Unlike #Hard-skills, which describe a person's technical skill set and ability to perform specific tasks, soft skills are broadly applicable across job titles and industries. It's often said that hard skills will get you an interview but you need soft skills to get -- and keep -- the job.
Good manners, optimism, common sense, a sense of humor, empathy and the ability to collaborate and negotiate are all important soft skills. Other soft skills include situation awareness and the ability to read a situation as it unfolds to decide upon a response that yields the best result for all involved.
Another important soft skill is adaptability. An employee with this attribute has the ability to work in various situations equally well and move from one situation to another with ease and grace. The ability to be diplomatic and respectful even when there are disagreements is also a key soft skill. This skill requires the employee to maintain a professional tone and demeanor even when frustrated.
An employee with a high level of emotional intelligence has good communication skills. He can clearly articulate goals and can work in a team. He knows when to take a leadership role and when to sit back. He knows when to speak, when to listen and when to suggest a compromise.
What are Soft Skills?
The phrase ‘soft skills’ is often used to describe the skills which characterize relationships with other people, or which are about how you approach life and work.
Others phrases that are often used for these types of skills include: ‘people skills’, ‘interpersonal skills’, ‘social skills’ or ‘transferable skills’.
The Relative Importance of Hard and Soft Skills
Job-related expertise is essential in any profession and in many other careers. However, over the last twenty to thirty years, understanding has grown that perhaps the soft skills may ultimately be more important in determining levels of success.
That is, the hard skills are a basic minimum necessary in order to operate in that particular workplace. Whether or not you are successful in your career may depend on how you relate to other people and to work: the so-called soft skills.
DEFINITION of 'Soft Skills'
The character traits and interpersonal skills that characterize a person's relationships with other people. In the workplace, soft skills are considered a complement to hard skills, which refer to a person's knowledge and occupational skills. Sociologists may use the term soft skills to describe a person's "EQ" or " Emotional Intelligence Quotient" (as opposed to "IQ")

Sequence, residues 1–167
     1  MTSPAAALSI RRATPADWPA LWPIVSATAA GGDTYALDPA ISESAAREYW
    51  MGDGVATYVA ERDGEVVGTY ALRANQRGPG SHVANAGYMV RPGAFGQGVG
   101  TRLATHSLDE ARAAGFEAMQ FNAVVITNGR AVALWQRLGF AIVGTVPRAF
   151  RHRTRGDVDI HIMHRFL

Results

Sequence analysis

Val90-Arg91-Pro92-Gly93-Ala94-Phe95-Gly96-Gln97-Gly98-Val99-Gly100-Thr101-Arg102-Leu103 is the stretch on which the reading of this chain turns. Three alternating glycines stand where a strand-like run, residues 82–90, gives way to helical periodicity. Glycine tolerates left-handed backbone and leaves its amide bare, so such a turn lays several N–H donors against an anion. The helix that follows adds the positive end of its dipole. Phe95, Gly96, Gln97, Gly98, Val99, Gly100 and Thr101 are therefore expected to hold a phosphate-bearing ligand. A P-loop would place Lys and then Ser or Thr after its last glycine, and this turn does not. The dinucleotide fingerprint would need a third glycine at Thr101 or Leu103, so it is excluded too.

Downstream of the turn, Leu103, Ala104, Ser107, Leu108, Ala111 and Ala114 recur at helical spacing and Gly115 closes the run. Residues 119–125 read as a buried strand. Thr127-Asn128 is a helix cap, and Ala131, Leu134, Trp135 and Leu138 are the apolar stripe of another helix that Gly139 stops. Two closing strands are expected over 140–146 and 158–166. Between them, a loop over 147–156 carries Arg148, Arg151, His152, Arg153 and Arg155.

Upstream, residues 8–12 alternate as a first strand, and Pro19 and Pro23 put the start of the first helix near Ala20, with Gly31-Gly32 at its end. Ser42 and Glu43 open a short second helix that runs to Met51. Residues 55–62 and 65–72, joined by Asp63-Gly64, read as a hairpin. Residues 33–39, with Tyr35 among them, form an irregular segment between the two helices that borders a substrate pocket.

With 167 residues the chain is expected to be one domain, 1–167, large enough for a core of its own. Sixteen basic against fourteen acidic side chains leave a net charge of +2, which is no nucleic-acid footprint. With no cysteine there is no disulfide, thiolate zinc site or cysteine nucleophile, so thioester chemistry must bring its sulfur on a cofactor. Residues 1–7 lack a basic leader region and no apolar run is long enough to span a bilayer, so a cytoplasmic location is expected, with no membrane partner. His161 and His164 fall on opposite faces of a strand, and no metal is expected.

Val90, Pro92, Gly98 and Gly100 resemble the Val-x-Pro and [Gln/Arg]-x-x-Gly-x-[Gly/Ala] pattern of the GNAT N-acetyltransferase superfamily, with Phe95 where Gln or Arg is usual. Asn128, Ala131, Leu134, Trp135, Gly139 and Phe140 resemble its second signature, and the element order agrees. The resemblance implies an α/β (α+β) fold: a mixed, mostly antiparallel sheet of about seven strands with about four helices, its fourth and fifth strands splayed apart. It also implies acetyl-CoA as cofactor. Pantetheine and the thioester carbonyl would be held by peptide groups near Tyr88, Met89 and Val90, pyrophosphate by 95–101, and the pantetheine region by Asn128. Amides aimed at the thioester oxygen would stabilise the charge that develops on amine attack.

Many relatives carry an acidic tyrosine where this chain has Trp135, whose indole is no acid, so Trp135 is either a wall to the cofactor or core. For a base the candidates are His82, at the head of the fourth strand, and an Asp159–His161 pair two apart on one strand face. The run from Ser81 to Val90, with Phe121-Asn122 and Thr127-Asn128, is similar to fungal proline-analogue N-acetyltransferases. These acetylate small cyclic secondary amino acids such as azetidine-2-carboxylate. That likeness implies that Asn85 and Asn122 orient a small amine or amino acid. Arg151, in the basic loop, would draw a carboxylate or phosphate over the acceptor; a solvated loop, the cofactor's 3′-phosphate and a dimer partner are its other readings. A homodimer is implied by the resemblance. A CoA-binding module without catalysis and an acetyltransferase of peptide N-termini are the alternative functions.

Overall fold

BREAKING DOWN 'Soft Skills'
Soft skills have more to do with who we are than what we know. As such, soft skills encompass the character traits that decide how well one interacts with others, and are usually a definite part of one's personality. Whereas hard skills can be learned and perfected over time, soft skills are more difficult to acquire and change.
The soft skills required for a doctor, for example, would be empathy, understanding, active listening and a good bedside manner. Alternatively, the hard skills necessary for a doctor would include a vast comprehension of illnesses, the ability to interpret test results and symptoms, and a thorough understanding of anatomy and physiology.
Three characteristics of a soft skill – . This is the definition I used to determine what should be included in my soft skills list.
1. Added more in-depth descriptions for each soft skill and why they are essential to your career success and fulfillment
2. Eliminated three soft skills from the original list and added three new skills
3.Split out the Soft Skills List for People Skills into two sub-sections – Conventional and Tribal.
To me, for a skill to be considered a soft skill, it needs to have three characteristics.
1. Rules for mastering this skill is not black and white – Unlike hard skills, like math, where the rule for doing it perfectly is always the same, how effective you are at a soft skill changes depends on your emotional state, external circumstance, and the type of people you interact with.
2. This skill is portable and valuable to any job/career – Because soft skills are about your inner strength and interpersonal effectiveness, as long as you work with people, these skills are valuable to your career.